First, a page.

Paris is not all glamour and romance. And if I liked Paris at all, it wasn’t the glamour and the so-called “romance” that I liked, but the simple, unseen aspects of everyday life. A friend who was living in Paris told me about a little area in the city, hidden from the hustle of the urban center and away from the touristic crowds. In her words, it was “A village within a city, an enclosure of its own, sort of like connected courtyards behind a secret door, hiding a world of art and antiques.” But she didn’t tell me how to find it. According to my friend, she stumbled upon the place through a treasure hunt of some sort, carefully following instructions while not really knowing where she was going. And by the time she reached this “village”, she didn’t remember how she got there or how she got out. Intrigued, I decided to look for this mysterious place one afternoon as I had a few hours to kill in Paris before heading back to Bordeaux. I thought a good place to start would be the area around the metro station “Saint-Paul”, as the village itself is named, of course, Le Village Saint-Paul.
Usually, many signs point to prominent tourist landmarks, and you could be sure to reach these landmarks by following signs alone. Not the case with Saint-Paul. I suppose it wasn’t a place foreigners visited often, and while there were one or two signs around the metro station pointing to the direction of the “village”, they were vague and misleading, to say the least. I was prepared to enter a maze of quiet alleys in a quest to find Saint-Paul. And it did take a while. I was frustrated, turning corners obliviously without knowing where I was and where I was going, but at the same time, without knowing that what I was looking for could be closer to me than I had anticipated.
All around me were colourful banners with the label “Village St-Paul” written on them, so I knew I was close. Little did I know that all I had to do was turn and enter any of the numerous doors or corridors lined up along the side of the street, and I would enter a whole different world on the other side. Greeted with a deserted courtyard with an air of sophistication and artistic ardour, I was there, in Le Village Saint-Paul.
Essentially, the village is a collection of art galleries, antique shops, boutiques, home decoration shops – anything sophisticated that you could name. It was the end of December, a cold time of the year in Paris, with gray skies, and as a result, not many people were around. I felt like a lone intruder of peace, venturing into the enclosure, exploring every interconnected courtyard discreetly so as to not disturb the tranquility that was so well preserved.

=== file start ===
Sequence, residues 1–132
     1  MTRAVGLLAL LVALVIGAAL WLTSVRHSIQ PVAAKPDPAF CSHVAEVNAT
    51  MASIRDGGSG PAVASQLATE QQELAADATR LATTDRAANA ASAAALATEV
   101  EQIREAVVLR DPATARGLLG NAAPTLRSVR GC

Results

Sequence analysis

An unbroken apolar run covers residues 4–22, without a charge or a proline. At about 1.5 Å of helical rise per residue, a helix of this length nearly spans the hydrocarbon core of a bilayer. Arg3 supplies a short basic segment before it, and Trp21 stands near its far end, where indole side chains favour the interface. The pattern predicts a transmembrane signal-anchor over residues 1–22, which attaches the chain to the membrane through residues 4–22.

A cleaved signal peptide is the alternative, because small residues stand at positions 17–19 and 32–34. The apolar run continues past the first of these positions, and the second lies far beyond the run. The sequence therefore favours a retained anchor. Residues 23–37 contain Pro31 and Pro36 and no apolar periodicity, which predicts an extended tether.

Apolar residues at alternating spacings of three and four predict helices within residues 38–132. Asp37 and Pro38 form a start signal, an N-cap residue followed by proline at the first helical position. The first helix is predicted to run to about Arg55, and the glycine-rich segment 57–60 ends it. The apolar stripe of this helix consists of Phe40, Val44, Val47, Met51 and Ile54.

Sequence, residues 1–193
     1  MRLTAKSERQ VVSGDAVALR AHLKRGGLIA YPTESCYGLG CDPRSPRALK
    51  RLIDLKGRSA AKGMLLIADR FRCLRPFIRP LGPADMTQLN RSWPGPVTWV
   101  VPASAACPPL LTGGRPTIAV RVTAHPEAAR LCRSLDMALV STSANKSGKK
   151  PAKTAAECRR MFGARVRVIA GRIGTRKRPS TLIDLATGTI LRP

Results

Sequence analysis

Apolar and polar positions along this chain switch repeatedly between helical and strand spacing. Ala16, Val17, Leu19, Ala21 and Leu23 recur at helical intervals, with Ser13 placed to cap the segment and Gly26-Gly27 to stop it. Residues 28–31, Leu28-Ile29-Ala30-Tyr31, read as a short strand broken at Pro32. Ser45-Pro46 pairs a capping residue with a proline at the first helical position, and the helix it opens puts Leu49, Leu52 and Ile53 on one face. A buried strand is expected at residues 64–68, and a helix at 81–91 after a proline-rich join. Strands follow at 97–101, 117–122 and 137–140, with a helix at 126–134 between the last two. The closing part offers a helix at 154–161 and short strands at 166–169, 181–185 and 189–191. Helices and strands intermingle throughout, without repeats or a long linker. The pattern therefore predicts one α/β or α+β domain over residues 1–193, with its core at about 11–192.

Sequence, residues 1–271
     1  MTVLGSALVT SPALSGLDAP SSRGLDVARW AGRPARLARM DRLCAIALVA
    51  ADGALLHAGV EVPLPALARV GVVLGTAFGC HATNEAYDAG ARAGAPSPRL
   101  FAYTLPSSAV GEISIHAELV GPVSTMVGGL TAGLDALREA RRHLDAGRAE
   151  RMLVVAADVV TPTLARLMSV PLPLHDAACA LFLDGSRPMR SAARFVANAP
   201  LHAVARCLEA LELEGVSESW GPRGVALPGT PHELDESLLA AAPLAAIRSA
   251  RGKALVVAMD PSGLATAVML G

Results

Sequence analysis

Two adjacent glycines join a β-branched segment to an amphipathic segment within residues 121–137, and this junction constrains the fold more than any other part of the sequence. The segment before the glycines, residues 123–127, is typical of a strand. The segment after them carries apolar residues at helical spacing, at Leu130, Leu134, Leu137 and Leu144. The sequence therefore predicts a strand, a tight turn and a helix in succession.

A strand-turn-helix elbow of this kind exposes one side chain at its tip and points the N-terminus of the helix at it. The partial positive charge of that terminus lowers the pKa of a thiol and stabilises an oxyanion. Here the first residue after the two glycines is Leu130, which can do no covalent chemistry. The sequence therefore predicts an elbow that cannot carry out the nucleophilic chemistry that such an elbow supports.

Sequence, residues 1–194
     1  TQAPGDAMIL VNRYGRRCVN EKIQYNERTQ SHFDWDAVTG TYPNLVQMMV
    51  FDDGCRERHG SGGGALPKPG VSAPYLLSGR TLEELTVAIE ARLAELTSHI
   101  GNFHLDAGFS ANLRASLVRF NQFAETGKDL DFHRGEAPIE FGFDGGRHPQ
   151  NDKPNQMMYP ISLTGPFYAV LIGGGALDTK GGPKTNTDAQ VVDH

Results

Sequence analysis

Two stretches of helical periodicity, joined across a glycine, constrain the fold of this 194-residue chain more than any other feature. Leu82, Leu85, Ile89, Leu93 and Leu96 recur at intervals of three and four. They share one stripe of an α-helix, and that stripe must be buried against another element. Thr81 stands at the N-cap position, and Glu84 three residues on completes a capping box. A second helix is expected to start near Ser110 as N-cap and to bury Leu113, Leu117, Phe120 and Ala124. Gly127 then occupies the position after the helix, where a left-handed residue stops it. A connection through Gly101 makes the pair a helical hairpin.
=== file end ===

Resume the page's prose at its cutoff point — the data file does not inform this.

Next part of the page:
And at one point I wondered if I really was the only one around, until I saw other people wandering like me. Signs of life, always reassuring no matter how quiet and tranquil a place is meant to be. I enjoyed the moments of silence as I immersed myself in the art-filled dimension that defined the village. My friend was right, this was an escape from Paris within the city itself, a secret to be kept to those who have found it.
At one point I saw inflated latex (I think) gloves hanging on the branches of a leafless tree. With the breeze, they swayed gently back and forth, back and forth. I kept trying to comprehend the meaning of this eccentric design, as there were no explanations of any sort to indicate whether this was a work of art of just a peculiar decoration in the courtyard. And I will not pretend to understand art in the minds of the spontaneous, unconventional artist. It just seemed bizarre to me, that was all.
Signs of age were apparent on the walls of Saint-Paul, as history seemed to be etched inside the courtyards. I was imagining what it would be like to come here during the summer, when surely the village would be less deserted and more lively and dynamic with art shows, yard sales, or just people relaxing in the sun.
Actually, many shops were closed during my visit. A little disappointing, but thankfully I wasn’t on a mission to shop for antiques or paintings or things of that sort. Finding the place was good enough for me that afternoon.
I guess the one word to describe Le Village Saint-Paul, other than peaceful (at least during December), would be “chic” – stylish, elegant, and classy. And to be quite honest, I would not be able to live up to that level of “chic”ness. I only went there to satisfy my curiosity, not to shop or to spend time at art galleries or to contemplate about art and culture and style. Leave that to the real artists.
I don’t remember at all what this was – a gigantic poster? A wallpaper? An advertisement of some sort? And for the life of me I don’t remember what’s in the image…wooden balls carved into different patterns? Shells? Buttons? Chocolate??? The wooden stick figure at the bottom did seem to have an opinion though…whatever he was trying to say! (It seems to yell out “Libère-moi! Fais pas le con!” which would mean “Free me! Stop playing around!” or something like that 😛 )
Finally, I exited the village through the same way I entered it – by going through one of the passageways scattered around each side of the courtyards. I liked this one particularly, glowing with a ghostly green that seemingly wanted to invite me to walk through it, leaving peace behind me and travelling back to a busier, more glamourous Paris. Worth a visit? If you want to stick to the typical picture-perfect Paris, then I’d suggest you keep to the Eiffel Tower and the Champs-Élysées. If you have the time and enjoy a more relaxed and unconventional experience even in the most popular travel destination in Europe, then drop by Le Village Saint-Paul for an afternoon stroll. Maybe you’ll like it 🙂